RF explorer – first day

Do yourself a big favor and order a USB A to mini-B cable either when you purchase your RF Explorer or soon afterward. Without it, you can’t use the unit with scanning software apps or even charge it. Sorta like getting an RC car for Christmas but no batteries.

After sourcing the correct cable this morning, I downloaded the USB driver for the unit, loaded it on to my PC and rebooted as instructed. I then plugged the unit in to my PC and the device was immediately recognized and the driver loaded successfully.

The various files needed to install can be found here: – downloads – downloads
Touchstone & Touchstone Pro – downloads
While not an official release from nutsaboutnets, there is a Mac scanner app for the RF Explorer.
Irfexplorer app for Mac

Not to get ahead of myself, I installed the free Touchstone scanner app. When I ran it the first time it said I needed to install Microsoft’s NET Framework 4. I found the offline installer for the current version and now Touchstone is working.

MS NET Framework 4.5.2 offline installer

I did have to reboot after installing the NET Framework software before Touchstone would connect with the RF Explorer.

Now that I have a working system, what do I do with it?

This is where having a friend who is years ahead of me comes in handy. He has already explained how to configure things and what software he uses and why. Those details to come…

One point of interest worth mentioning:

The RF Explorer unit comes with a Nagoya Telescoping NA-773 antenna. Logic suggests that an antenna must be adjusted in length to optimize it for a certain frequency range. This is what the RF Explorer manual has to say:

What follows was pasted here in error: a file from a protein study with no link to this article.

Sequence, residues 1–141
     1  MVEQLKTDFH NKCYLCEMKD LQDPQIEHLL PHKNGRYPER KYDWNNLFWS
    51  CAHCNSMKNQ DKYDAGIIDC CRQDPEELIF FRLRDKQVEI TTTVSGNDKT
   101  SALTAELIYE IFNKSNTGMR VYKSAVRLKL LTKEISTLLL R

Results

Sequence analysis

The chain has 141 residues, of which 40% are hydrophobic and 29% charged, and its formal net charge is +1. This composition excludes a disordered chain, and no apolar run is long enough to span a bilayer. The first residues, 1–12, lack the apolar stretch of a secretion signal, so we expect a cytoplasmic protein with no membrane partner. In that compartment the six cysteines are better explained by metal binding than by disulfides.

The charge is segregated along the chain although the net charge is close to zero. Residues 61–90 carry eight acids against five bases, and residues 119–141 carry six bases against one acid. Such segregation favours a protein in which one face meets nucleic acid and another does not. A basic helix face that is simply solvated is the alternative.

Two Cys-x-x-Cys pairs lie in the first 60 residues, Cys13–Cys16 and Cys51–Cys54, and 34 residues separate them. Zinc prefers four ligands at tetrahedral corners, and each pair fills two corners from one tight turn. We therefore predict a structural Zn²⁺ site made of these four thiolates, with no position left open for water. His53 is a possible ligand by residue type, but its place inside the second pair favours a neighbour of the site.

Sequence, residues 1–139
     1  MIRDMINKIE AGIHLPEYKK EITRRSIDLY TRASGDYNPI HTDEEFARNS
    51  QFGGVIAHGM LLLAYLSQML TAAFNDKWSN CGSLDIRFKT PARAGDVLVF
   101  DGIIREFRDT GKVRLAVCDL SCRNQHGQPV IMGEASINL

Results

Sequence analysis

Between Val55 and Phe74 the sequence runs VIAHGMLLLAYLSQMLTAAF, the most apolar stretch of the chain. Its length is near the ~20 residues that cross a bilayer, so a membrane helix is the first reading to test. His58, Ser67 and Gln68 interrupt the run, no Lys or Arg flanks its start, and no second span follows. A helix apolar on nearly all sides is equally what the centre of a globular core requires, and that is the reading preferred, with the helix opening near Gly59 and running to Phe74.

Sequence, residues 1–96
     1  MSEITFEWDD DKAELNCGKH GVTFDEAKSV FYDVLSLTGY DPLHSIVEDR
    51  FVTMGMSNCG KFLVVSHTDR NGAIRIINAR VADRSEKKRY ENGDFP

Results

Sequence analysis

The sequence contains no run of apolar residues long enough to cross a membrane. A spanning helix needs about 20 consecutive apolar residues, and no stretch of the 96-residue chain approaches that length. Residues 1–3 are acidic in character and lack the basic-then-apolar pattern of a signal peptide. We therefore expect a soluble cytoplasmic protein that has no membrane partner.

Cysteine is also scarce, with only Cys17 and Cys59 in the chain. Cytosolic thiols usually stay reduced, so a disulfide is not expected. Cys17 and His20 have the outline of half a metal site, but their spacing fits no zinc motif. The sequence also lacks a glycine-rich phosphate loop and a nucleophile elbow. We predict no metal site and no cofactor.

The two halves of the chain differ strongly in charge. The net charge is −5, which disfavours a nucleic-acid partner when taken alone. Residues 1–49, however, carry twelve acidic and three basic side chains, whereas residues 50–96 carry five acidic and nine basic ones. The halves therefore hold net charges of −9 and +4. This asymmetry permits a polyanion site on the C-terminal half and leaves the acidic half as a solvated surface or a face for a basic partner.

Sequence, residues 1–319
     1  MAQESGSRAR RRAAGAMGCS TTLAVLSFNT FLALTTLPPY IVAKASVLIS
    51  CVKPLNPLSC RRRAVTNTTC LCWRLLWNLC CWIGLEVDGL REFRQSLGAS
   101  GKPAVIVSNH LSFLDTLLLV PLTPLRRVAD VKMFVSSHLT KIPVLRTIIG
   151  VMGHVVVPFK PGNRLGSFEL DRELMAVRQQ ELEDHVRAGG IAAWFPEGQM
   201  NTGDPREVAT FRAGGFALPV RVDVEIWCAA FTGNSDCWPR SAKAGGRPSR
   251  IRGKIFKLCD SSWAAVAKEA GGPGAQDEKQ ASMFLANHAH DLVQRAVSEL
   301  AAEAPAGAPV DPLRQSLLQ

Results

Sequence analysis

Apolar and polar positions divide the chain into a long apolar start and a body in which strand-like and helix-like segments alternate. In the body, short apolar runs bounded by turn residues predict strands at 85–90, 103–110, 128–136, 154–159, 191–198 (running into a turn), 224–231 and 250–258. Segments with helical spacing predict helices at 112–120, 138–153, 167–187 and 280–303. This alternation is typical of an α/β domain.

This is a telescopic, high quality 2dBi antenna ideally suited for 144MHz and 430MHz bands, typically used in two way radios and HAM bands.

It offers a good response in all frequencies below 1GHz. Use this antenna in all ranges of frequencies between 15-1000MHz. In some cases collapsing partially or totally may provide better response in the highest frequencies of the range.

The metallic structure of the antenna is a direct connection to the core RF connection, therefore take precautions for the antenna not being in contact with strong electric fields or DC current.

This antenna is included in RF Explorer WSUB1G, RF Explorer 3G Combo and RF Explorer ISM Combo.


So indeed for the frequencies most used for RF mics in the US, the antenna full extended is not tuned well for the purpose. How does one tune an antenna for properly receiving radio signals?

This is what SHURE has to say about antenna lengths:

SHURE – Antenna setup PDF


The size of a 1/4-wave antenna is approximately
one-quarter of the wavelength of the desired frequency,
and the 1/2-wave is one-half the wavelength. Wavelength
for radio signals can be calculated by dividing the speed of
light by frequency (see “The Wave Equation”). For example,
a 200 MHz wave has a wavelength of approximately 6 feet
(2 m). Therefore, a 1/2-wave receiver antenna would be
about 3 feet (1 m) long, and a 1/4-wave antenna would be
about 18 inches (45 cm). Note that antenna length
typically needs to only be approximate, not exact. For VHF
applications, an antenna anywhere from 14-18 inches
(35-45 cm) is perfectly appropriate as a 1/4-wave
antenna. Since the UHF band covers a much larger range
of frequencies than VHF, 1/4-wave antennas can range
anywhere from 3 to 6 inches (7-15 cm) in length, so using
the proper length antenna is somewhat more important.
For a system operating at 500 MHz, a 1/4-wave antenna
should be about 6 inches (15 cm). Using an antenna
tuned for an 800 MHz system (about 3 inches, 7 cm,
in length) in the same situation would result in less than
optimum pickup. Wideband omnidirectional antennas
that cover almost the entire UHF band are also available
for applications where receivers with different tuning
ranges need to share a common antenna.


Antenna length formula